U.S. stocks were little changed after two days of gains in the S&P 500. Microsoft Corp. dropped in pre-market trading as the world’s largest software company said it will write down $6.2 billion of the amount it paid for AQuantive Inc., the Internet-advertising company it bought in 2007. MModal Inc. rose after the provider of medical document processing technology agreed to be bought by a JPMorgan Chase & Co. unit for about $1.1 billion.
Germany’s 10-year bund yield was little changed at 1.52 percent, while yields on 10-year Treasuries increased one basis point to 1.59 percent.
The yen weakened 0.3 percent against the euro and 0.4 percent versus the dollar. Australia’s dollar appreciated 0.5 percent versus the yen after data showed building approvals surged by a record and the central bank left interest rates unchanged.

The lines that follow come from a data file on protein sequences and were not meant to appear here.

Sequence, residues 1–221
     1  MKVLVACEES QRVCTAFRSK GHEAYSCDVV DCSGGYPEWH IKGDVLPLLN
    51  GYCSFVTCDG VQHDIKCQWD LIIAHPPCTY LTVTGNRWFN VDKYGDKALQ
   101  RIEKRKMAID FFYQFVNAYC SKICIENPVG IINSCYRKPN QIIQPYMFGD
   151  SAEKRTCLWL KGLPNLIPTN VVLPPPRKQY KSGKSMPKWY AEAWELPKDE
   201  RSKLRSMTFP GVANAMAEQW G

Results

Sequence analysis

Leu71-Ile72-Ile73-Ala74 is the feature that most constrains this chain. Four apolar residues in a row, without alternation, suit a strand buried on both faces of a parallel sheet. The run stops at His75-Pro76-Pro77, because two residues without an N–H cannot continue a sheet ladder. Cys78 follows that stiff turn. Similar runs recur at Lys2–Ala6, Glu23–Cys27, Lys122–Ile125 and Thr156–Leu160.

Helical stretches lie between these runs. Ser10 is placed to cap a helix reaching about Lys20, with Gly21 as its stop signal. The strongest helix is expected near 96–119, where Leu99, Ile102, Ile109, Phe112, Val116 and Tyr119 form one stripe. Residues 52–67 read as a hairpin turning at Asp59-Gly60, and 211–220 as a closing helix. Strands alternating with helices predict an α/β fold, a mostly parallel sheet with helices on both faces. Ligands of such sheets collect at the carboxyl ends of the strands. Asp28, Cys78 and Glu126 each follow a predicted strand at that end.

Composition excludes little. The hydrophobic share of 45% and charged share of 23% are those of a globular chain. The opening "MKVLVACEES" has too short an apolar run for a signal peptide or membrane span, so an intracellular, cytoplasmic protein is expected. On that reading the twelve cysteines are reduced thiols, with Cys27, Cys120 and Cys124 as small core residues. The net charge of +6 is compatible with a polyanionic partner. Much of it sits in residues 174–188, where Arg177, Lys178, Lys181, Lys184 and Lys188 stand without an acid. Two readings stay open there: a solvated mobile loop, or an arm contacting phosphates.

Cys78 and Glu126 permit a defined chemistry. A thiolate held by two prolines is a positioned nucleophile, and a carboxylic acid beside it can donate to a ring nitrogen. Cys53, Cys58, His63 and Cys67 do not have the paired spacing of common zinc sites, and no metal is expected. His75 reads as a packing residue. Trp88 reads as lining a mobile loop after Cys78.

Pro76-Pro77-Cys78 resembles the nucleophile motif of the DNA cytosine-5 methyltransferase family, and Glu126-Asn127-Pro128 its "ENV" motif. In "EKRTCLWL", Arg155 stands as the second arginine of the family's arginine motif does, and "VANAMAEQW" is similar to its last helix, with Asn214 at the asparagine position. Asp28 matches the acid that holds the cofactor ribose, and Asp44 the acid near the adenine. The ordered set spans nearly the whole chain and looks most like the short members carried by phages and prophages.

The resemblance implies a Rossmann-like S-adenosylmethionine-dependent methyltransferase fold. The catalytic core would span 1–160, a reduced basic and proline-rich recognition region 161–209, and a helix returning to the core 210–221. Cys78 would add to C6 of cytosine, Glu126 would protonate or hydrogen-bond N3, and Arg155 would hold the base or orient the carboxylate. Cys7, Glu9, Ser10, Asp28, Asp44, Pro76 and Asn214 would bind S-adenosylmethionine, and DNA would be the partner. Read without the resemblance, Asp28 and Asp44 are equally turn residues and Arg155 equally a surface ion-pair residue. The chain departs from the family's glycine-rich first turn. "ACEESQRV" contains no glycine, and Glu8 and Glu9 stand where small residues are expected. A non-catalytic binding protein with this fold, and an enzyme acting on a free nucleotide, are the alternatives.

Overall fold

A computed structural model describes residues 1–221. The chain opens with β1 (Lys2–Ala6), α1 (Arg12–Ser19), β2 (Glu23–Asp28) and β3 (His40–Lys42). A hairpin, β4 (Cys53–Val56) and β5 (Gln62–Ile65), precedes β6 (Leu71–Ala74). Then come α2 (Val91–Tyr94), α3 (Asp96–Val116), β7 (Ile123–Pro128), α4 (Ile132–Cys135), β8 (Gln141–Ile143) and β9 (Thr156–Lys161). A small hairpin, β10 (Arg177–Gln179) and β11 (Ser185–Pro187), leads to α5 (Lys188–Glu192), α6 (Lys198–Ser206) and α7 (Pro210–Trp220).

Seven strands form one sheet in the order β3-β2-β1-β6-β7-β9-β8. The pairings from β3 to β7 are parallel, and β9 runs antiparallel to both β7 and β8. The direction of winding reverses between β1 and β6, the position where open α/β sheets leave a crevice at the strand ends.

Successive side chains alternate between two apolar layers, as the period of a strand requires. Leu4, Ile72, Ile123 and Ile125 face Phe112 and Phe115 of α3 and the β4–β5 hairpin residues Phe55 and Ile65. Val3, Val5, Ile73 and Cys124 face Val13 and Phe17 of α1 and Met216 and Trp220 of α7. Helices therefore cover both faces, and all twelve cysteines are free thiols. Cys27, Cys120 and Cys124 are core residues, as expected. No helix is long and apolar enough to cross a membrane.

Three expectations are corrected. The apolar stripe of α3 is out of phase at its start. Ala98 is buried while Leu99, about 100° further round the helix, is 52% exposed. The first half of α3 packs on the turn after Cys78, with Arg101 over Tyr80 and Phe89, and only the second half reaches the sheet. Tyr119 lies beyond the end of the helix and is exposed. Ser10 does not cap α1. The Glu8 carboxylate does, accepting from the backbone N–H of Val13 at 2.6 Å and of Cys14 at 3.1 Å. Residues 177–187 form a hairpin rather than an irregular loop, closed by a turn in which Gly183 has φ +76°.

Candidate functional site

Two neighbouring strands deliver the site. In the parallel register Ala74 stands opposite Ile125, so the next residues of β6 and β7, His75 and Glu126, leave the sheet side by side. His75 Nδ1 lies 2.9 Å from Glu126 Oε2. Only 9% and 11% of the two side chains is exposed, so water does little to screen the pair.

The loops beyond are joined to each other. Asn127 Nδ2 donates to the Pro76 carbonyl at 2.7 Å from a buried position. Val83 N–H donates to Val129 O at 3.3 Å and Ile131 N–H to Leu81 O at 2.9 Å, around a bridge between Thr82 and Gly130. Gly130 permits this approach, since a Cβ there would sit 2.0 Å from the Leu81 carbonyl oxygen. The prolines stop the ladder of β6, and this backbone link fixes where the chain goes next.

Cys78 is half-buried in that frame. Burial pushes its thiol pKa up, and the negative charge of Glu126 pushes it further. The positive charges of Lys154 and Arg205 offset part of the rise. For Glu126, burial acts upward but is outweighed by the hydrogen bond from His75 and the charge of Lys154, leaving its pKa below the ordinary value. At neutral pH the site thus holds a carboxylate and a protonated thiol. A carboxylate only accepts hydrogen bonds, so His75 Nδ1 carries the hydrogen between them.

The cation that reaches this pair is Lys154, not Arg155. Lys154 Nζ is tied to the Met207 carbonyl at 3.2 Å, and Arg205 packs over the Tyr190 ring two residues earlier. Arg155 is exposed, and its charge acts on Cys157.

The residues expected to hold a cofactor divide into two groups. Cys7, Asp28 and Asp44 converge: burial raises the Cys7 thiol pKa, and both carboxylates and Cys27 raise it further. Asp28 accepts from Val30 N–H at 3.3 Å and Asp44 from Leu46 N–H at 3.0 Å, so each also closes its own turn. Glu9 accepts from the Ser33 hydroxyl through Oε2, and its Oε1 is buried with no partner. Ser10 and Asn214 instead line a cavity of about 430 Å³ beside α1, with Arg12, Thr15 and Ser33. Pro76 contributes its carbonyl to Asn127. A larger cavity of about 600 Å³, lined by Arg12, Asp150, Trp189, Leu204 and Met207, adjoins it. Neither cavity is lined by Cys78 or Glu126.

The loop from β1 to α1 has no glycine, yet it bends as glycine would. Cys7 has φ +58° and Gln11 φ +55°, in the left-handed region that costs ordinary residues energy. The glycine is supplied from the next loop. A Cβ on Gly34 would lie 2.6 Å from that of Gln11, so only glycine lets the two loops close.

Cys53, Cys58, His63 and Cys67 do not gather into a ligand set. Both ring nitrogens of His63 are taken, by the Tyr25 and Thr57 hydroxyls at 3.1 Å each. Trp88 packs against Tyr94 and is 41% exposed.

The S&P GSCI gauge of 24 commodities climbed 2.7 percent to the highest since May. Oil rose to $87.05 a barrel, corn gained 1.6 percent and copper jumped 2.2 percent. Aluminum advanced 2.6 percent after Goldman Sachs Group Inc. said the metal is “attractive at these levels.”
The MSCI Emerging Markets Index advanced 1.4 percent, bound for the highest close since May 11. The Hang Seng China Enterprises Index added 1.4 percent as trading resumed after a yesterday’s holiday. Cutting reserve requirements may become the top choice for the People’s Bank of China to increase liquidity, according to the China Securities Journal, which is published by the official Xinhua News Agency.
Russia’s Micex Index advanced 2.1 percent. Turkey’s ISE National 100 Index jumped 1 percent after the inflation rate rose less than analysts estimated.